Two related fields have seen a burst of interest in serious research and popular literature recently: the study of happiness and the application of ideas from economics to other fields. This book combines the two and is unfortunately far weaker than others of both types.
Initially I had high expectations. The author is a highly respected economist and thinker. The book is well researched, clearly written and easy to understand.
The first hint of a problem arrives early on with what I took to be an unnecessary dig at Dan Ariely's book, Predictably Irrational. Having read that book, and attended a lecture by its author, I can attest that on this subject he is as far above John Kay as a statesman is above a ranting drunkard.
"Obliquity" is a string of anecdotes of effective and ineffective planning, strategy and problem solving from which the author pretends he has identified a new idea, namely that oblique thinking is better than direct thinking. The anecdotes are sometimes interesting and insightful. The problem is that the overall thesis is utterly vacuous. Pol Pot, Lenin, City bonuses, and high rise housing were bad because they lacked obliquity, while chaotic free markets and the route of the Panama Canal, were good because they were oblique.
John Kay's trick is to switch between precise and vague meanings of his central term. In his examples where obliquity means something precise he fails to show that it has caused the good outcome. In the examples of successfully oblique thinking, the common thread is so loose that the word has lost all meaning. He might as well talk about creative thinking, lateral thinking or just being smart. How much does this matter? A lot, actually. A new concept justifies a new book in a growing market. A new name for a collection of anecdotes, most of which are old and many of which have already been discussed in books on effective thinking, is not worth publishing.
Let's examine one area in more detail - business, a field John Kay genuinely knows something about. He says companies which aim to make profits fail to make them because they lack obliquity. He cites spectacular examples such as ICI, Citibank and Lehmann Brothers and shows how shortsighted and foolish their management was. Their stated aim was direct, their strategy failed. Ra-ra for obliquity! What exactly has he proved? - that some companies focusing too much on profits failed. Stupendous. Actually some companies that don't focus enough on profits fail. And some companies that focus a lot on profits succeed. Success in business depends on an awful lot of things, such as whether the strategy suited the circumstance and whether management was smart. The examples prove absolutely nothing and, what is worse, I have a strong suspicion that John Kay knows it. Even if it were true, which I doubt, that the majority of outstandingly successful companies had oblique goals, that would not mean that all companies should have oblique goals. A more likely conclusion would be that where there was a possibility to make a huge fortune in a new line of business (such as Facebook) the way to do it was by relying on vision. The majority of companies doing mundane things like collecting waste would still need to watch their profits.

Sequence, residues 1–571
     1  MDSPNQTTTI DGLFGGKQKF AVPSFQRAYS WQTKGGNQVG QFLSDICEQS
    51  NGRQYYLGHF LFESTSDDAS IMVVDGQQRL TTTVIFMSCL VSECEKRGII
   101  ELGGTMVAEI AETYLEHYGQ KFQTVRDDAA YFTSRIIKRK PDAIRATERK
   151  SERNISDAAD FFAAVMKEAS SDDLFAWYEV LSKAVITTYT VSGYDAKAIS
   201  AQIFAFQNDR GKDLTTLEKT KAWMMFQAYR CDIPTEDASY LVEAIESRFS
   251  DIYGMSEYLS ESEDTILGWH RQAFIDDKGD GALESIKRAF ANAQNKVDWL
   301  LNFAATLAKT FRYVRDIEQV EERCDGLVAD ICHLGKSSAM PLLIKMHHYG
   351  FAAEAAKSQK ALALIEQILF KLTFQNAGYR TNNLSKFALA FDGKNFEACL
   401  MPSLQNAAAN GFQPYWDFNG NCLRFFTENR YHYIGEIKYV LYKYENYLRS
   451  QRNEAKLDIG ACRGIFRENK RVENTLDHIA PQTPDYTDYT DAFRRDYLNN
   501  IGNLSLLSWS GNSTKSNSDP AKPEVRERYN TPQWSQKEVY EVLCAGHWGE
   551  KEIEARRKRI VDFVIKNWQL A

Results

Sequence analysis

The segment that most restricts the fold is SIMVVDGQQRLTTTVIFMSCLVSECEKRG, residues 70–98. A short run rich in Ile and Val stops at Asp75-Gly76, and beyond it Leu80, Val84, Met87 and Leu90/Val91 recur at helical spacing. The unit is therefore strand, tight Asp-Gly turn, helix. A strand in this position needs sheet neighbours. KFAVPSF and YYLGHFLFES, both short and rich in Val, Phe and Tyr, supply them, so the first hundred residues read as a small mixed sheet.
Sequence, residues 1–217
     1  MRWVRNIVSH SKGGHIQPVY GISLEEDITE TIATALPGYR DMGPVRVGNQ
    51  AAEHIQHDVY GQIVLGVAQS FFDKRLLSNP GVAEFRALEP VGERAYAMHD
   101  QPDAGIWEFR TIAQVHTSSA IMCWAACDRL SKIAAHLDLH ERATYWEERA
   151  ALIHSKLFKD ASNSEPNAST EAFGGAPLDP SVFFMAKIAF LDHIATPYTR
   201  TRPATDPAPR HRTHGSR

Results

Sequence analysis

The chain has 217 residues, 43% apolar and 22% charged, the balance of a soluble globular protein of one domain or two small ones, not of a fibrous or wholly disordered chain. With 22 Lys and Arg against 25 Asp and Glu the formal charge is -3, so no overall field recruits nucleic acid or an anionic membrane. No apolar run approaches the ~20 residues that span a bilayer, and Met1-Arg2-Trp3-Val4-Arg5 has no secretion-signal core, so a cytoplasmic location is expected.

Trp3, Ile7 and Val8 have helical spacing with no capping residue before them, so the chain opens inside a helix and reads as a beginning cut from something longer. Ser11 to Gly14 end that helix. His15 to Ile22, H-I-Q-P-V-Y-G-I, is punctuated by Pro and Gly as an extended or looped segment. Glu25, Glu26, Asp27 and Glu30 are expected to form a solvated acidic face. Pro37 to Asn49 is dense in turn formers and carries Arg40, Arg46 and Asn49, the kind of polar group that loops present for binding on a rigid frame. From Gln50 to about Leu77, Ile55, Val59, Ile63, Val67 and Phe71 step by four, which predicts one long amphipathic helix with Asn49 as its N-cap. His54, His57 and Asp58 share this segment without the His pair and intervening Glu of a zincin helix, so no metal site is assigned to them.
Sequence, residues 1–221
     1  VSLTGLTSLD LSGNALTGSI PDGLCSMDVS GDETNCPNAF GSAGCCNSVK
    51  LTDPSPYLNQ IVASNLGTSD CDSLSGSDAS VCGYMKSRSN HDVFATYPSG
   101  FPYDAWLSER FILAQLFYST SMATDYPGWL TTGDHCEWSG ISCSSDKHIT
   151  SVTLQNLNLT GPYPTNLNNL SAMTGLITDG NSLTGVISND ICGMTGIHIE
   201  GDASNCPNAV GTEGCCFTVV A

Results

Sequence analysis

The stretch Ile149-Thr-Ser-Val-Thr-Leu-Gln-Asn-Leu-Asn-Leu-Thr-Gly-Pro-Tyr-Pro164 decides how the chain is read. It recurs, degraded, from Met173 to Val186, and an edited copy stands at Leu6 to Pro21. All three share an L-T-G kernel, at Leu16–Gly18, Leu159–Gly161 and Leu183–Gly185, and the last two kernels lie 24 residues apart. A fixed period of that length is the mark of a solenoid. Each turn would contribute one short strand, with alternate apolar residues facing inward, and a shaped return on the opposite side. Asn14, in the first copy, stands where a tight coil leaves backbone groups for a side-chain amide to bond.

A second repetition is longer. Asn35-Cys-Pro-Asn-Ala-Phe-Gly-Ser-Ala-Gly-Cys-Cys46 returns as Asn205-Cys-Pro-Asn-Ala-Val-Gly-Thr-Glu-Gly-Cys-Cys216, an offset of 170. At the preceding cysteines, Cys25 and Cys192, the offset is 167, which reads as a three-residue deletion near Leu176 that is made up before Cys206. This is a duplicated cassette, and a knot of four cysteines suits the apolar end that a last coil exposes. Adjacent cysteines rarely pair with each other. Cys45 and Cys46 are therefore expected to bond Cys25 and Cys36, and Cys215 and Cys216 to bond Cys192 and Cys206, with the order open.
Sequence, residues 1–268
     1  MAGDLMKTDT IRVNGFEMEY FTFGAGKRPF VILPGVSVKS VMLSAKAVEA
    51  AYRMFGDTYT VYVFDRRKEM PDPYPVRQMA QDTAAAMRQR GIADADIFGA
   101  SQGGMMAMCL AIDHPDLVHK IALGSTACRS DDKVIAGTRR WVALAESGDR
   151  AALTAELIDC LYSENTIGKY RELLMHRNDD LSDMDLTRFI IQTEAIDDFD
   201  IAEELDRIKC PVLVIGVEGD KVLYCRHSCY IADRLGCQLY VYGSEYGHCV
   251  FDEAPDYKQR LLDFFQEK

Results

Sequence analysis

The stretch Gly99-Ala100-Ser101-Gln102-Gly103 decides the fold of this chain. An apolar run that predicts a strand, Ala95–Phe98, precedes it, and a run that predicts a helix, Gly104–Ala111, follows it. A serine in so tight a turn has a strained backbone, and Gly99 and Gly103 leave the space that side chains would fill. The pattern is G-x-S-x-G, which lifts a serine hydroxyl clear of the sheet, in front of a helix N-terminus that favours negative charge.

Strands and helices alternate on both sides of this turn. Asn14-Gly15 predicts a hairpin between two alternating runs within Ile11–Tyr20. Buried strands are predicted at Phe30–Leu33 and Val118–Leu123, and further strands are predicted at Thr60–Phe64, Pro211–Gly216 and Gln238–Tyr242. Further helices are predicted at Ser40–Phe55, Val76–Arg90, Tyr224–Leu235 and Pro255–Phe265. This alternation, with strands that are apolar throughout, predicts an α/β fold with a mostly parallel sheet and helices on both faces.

The discussion on happiness is equally fatuous. Let me paraphrase his argument. Sitting on the sofa and watching television while stuffing your face with crisps is enjoyable. Climbing a mountain makes you cold, tired and hungry, yet people who do the first (no obliquity) are unhappy while those doing the second (obliquity) are happy. Amazing! - obliquity is the source of true happiness. I beg to suggest a simpler explanation: happiness comes not from superficial pleasures but from deep and enduring satisfaction. You don't need obliquity to work that out.
If you have never read anything about creative thinking, economics in everyday life, or what makes people happy, you would like an entertaining introductory romp through a variety of disparate anecdotes, and don't care whether the thesis is meaningful, this book could be worth reading. But for a writer of John Kay's quality, "Obliquity" is, frankly, a disgrace.